Barack Obama’s Clean Power Plan

by Aditya Dabral
(London, United Kingdom)

Carbon Dioxide is the leading greenhouse gas produced through human activity. The Clean Power Plan aims to reduce its emissions quite significantly.

Carbon Dioxide is the leading greenhouse gas produced through human activity. The Clean Power Plan aims to reduce its emissions quite significantly.

Earlier this month, President Obama unveiled his Clean Power Plan in which he set out to reduce carbon pollution from power plants.

Describing climate change (aptly) as a phenomenon which "provides the greatest threat to the future of the planet," his primary aim is to cut greenhouse gas emissions from US power stations by around a third within the next 15 years.

In this article I’m going to talk about the benefits this plan yields, its deficiencies, and what else Barack Obama can do to protect and preserve our environment.

Historical Breakthrough

According to the official White House website, his plan will "set the first ever carbon pollution standards for power plants."

Two years earlier, Bernie Sanders, now running for the Democratic nomination, co-authored a bill along with Senator Barbara Boxer which proposed taxing methane and carbon emissions, and rebating 60% of the revenue made to citizens.

While the legislation was not passed, it points out how a growing number of politicians are now beginning to propose laws which would curtail these emissions.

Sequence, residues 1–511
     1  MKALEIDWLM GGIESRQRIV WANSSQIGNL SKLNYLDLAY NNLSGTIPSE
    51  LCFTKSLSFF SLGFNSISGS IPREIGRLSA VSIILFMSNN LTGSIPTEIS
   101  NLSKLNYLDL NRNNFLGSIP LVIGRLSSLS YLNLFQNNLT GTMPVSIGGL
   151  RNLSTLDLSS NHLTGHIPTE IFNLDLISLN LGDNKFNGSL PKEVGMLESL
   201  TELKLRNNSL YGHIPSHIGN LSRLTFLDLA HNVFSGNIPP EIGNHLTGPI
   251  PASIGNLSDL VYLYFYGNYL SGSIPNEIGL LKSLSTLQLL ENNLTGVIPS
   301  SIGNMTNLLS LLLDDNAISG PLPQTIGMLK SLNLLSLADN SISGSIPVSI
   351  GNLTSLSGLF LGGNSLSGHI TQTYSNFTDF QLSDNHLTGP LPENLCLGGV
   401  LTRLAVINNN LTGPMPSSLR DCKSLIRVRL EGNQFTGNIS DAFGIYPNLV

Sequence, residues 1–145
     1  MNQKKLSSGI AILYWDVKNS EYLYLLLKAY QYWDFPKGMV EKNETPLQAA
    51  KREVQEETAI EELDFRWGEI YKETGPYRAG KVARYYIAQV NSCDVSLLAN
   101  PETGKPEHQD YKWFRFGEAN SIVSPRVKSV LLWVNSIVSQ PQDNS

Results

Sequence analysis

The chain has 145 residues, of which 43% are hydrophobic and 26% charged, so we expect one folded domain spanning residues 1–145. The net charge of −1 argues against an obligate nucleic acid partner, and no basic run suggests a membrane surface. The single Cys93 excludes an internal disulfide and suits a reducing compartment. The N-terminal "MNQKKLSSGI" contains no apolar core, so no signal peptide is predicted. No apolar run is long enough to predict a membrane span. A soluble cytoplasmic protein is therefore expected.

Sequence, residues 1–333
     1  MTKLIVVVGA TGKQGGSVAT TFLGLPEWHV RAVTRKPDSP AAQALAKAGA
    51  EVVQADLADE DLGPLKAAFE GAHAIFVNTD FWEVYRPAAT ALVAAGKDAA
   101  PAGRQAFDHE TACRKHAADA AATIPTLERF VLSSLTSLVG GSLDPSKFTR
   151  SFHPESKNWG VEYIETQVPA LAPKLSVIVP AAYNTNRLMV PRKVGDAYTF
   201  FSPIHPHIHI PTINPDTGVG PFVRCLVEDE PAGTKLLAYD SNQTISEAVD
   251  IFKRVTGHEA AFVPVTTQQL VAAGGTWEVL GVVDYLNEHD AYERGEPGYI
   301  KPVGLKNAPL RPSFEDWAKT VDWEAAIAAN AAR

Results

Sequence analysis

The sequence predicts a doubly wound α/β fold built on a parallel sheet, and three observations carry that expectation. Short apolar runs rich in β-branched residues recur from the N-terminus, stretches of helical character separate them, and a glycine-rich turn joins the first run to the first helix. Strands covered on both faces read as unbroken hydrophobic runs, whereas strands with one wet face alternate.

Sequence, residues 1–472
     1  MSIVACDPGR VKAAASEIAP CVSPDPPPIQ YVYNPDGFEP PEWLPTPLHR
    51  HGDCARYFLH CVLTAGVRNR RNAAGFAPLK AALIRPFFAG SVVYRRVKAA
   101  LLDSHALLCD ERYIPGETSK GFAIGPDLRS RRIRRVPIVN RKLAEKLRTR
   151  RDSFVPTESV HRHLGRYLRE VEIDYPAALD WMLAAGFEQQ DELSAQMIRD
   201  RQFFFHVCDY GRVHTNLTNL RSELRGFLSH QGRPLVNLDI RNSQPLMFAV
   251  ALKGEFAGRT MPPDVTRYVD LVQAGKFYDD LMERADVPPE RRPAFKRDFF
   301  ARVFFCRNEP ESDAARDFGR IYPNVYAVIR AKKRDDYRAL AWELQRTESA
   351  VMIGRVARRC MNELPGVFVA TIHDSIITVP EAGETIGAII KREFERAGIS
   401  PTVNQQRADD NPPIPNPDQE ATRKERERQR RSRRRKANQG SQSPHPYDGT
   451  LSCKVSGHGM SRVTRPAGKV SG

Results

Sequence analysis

Economically Viable

With 2014 being the hottest year on record and 2015 closing in on taking that unwanted accolade, it’s evident that unless these measures are taken, a sustained increase in ecological disasters is inevitable.

Hurricane Sandy cost the American economy tens of billions of dollars and so I would argue that not only do we owe a debt to the world we live by taking care of it, but that it’s simply economically viable for us to tackle this issue head on, considering how expensive these natural disasters have been.

Not Nearly Enough

Despite what appears to be a step in the right direction, many believe his plan will not do nearly enough to reduce carbon emissions.

In particular, critics are pointing out that many states will meet their targets without having to do much; coal generation is already declining and with that the number of coal plants, so some of the targets proposed under Obama’s plan are amusingly easy.

Health Benefits

Conversely, the White House argues that the plan will (by 2030) also bring health benefits to the public which would prevent up to 3,600 premature deaths, 1,700 nonfatal heart attacks, 90,000 asthma attacks in children, and 300,000 missed workdays and school days.

Keystone XL Pipeline

Many environmentalists would go one step further and push to stop the Keystone XL pipeline once and for all.

While he did veto a bill calling for the extension of Keystone XL, the fact that over 60% of the senate supports the continuation of this controversial pipeline suggests that the fight is not yet over.

A State Department study ended up concluding that extracting the oil sands petroleum (which is what keystone would do) produces about 17% more planet-warming carbon pollution than conventional oil.

So is his plan going to do enough to avert this worldwide problem? Only time will tell.

I also have a blog on Politics and International Relations.

Thank you for reading!

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